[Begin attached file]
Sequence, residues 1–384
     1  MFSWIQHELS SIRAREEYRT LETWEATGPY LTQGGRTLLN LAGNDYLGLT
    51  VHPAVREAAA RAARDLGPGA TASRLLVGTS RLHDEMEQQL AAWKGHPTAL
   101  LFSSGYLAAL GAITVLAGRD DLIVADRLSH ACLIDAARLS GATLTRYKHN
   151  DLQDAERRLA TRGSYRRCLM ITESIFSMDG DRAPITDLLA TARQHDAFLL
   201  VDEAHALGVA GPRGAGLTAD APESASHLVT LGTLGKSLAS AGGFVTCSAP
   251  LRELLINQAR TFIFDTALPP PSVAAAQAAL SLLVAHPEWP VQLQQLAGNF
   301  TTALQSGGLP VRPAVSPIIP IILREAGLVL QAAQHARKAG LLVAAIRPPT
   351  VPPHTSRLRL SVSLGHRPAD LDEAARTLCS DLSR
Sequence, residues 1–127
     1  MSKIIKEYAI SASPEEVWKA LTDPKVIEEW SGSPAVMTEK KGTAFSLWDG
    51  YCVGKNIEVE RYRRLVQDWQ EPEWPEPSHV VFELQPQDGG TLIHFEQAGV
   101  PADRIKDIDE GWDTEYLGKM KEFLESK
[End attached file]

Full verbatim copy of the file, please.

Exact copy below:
Sequence, residues 1–384
     1  MFSWIQHELS SIRAREEYRT LETWEATGPY LTQGGRTLLN LAGNDYLGLT
    51  VHPAVREAAA RAARDLGPGA TASRLLVGTS RLHDEMEQQL AAWKGHPTAL
   101  LFSSGYLAAL GAITVLAGRD DLIVADRLSH ACLIDAARLS GATLTRYKHN
   151  DLQDAERRLA TRGSYRRCLM ITESIFSMDG DRAPITDLLA TARQHDAFLL
   201  VDEAHALGVA GPRGAGLTAD APESASHLVT LGTLGKSLAS AGGFVTCSAP
   251  LRELLINQAR TFIFDTALPP PSVAAAQAAL SLLVAHPEWP VQLQQLAGNF
   301  TTALQSGGLP VRPAVSPIIP IILREAGLVL QAAQHARKAG LLVAAIRPPT
   351  VPPHTSRLRL SVSLGHRPAD LDEAARTLCS DLSR
Sequence, residues 1–127
     1  MSKIIKEYAI SASPEEVWKA LTDPKVIEEW SGSPAVMTEK KGTAFSLWDG
    51  YCVGKNIEVE RYRRLVQDWQ EPEWPEPSHV VFELQPQDGG TLIHFEQAGV
   101  PADRIKDIDE GWDTEYLGKM KEFLESK